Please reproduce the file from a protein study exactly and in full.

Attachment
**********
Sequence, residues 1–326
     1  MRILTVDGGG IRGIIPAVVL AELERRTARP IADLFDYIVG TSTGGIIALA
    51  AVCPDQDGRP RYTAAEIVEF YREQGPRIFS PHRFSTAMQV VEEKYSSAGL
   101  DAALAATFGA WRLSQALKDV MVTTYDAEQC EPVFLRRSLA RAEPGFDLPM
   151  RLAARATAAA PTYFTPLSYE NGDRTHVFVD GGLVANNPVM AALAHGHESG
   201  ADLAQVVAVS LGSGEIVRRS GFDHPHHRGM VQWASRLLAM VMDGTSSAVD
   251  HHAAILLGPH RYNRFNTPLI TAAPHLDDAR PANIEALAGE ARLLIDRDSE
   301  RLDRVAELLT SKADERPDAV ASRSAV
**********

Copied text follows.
Sequence, residues 1–326
     1  MRILTVDGGG IRGIIPAVVL AELERRTARP IADLFDYIVG TSTGGIIALA
    51  AVCPDQDGRP RYTAAEIVEF YREQGPRIFS PHRFSTAMQV VEEKYSSAGL
   101  DAALAATFGA WRLSQALKDV MVTTYDAEQC EPVFLRRSLA RAEPGFDLPM
   151  RLAARATAAA PTYFTPLSYE NGDRTHVFVD GGLVANNPVM AALAHGHESG
   201  ADLAQVVAVS LGSGEIVRRS GFDHPHHRGM VQWASRLLAM VMDGTSSAVD
   251  HHAAILLGPH RYNRFNTPLI TAAPHLDDAR PANIEALAGE ARLLIDRDSE
   301  RLDRVAELLT SKADERPDAV ASRSAV